I have been analysing protein array data with hundreds and thousands of proteins using Limma in R.
For normalisation I have been using the following:
y <- normalizeBetweenArrays(log2(exprs), method="quantile")
followed by box plots and density plots for QC. Followed by model fitting for differential expression analysis in Limma.
However we then chose the most promising 35 proteins and had a "focussed" array synthesised. Here we chose the 35 proteins that were highest in patients vs controls and ran them for many more patients and their controls. When we got the data back I had a think about the analysis and normalising between arrays may be fine when there are many random proteins to bring between array intensities to similar levels.
However it seems to me (I am relatively new to array analysis so I may be wrong) that if we have specifically chosen proteins based on the low expression in some samples and high expression in other samples that this normalisation would not be valid ,as the assumption for this normalisation is that genes are expected to have low variation. Is this correct?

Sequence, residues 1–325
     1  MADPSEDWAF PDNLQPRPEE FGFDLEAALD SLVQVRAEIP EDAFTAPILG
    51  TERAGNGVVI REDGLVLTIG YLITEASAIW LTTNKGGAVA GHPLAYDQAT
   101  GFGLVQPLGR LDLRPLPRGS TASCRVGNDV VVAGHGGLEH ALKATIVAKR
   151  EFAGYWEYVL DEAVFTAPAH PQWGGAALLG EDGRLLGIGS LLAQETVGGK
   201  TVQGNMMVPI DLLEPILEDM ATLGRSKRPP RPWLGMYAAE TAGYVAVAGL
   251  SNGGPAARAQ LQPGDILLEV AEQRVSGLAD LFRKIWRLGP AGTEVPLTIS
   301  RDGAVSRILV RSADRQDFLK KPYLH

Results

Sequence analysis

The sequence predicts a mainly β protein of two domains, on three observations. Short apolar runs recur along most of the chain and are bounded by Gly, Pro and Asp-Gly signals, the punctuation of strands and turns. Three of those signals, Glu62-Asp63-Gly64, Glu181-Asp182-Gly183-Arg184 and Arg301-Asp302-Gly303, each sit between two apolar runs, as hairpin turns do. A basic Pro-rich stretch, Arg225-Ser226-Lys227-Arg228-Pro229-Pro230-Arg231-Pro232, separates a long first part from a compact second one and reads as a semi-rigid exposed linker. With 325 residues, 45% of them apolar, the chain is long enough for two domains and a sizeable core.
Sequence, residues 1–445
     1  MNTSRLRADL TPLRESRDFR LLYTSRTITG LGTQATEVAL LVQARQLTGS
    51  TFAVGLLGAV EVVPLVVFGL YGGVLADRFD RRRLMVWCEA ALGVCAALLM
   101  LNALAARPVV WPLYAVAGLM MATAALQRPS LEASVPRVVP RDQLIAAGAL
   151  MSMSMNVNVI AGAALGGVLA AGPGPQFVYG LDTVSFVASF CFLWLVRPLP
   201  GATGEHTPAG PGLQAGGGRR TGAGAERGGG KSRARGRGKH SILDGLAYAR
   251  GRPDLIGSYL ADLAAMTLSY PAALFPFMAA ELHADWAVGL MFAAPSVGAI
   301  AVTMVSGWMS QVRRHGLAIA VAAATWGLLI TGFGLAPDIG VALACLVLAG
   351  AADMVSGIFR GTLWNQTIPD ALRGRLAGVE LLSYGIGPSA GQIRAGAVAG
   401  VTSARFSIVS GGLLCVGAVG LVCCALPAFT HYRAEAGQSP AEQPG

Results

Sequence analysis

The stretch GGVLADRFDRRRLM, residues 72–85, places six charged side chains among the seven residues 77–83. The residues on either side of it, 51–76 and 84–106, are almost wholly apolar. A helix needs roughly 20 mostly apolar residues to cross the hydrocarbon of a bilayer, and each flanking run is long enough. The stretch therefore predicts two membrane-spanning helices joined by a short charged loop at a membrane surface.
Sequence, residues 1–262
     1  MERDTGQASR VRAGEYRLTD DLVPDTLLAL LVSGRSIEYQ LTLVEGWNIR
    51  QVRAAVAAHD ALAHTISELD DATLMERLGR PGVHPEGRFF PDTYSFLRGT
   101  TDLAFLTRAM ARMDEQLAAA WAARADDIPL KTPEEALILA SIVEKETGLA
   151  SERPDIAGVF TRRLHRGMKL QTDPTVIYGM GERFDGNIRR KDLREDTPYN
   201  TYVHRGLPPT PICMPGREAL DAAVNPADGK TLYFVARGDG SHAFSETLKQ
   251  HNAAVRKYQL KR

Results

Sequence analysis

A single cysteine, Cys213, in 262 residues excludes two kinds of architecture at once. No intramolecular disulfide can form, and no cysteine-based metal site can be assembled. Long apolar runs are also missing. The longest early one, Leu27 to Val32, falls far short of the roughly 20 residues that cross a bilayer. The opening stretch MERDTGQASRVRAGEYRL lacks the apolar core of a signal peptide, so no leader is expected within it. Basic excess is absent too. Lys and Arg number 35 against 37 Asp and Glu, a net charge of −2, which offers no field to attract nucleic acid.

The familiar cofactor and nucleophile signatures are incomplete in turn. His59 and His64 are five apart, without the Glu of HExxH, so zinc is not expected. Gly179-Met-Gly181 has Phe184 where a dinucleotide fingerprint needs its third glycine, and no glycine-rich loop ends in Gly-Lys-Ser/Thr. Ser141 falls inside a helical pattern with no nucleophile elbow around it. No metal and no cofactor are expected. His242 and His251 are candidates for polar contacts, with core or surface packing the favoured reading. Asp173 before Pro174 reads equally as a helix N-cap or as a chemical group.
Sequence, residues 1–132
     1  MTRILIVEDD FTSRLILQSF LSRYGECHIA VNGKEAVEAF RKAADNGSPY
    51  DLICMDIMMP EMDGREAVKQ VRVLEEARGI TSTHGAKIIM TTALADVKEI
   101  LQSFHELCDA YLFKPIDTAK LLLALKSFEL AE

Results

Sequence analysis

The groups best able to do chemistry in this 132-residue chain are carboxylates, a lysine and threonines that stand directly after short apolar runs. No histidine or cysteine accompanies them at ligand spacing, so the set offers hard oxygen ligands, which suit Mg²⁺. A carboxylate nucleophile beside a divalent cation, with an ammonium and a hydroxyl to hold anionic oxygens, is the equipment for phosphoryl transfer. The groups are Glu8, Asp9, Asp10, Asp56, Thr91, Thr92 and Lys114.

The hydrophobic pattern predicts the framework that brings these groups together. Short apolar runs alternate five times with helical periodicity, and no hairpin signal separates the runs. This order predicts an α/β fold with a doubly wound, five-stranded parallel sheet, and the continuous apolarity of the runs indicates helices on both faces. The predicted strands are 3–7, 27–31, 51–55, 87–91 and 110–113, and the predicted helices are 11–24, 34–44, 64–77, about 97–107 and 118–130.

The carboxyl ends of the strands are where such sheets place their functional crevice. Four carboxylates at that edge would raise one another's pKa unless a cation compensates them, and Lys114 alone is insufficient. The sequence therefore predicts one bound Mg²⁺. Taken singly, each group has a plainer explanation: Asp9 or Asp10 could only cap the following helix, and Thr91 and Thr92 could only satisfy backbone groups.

If so what kind of normalisation is more appropriate for this type of analysis?
Any guidance much appreciated.
EDIT: I have been toying with the idea of using:
y <- normalizeBetweenArrays(log2(exprs), method="cyclicloess")
Which may be more appropriate?
EDIT2: The array was a Protoarray and the analysis has actually already been done by someone from the provider of the service. However I managed to repeat their analysis getting the same values in Limma with the quantile normalisation mentioned above. The issue is I am questioning if they simply ran a standard analysis pipeline for large arrays not putting much thought into the different design of the array
Note: all values are Log2 transformations of the fluorescence data
Boxplots of data pre normalisation:
Boxplots of data post quantile normalisation:
Boxplots of data post cyclicloess normalisation: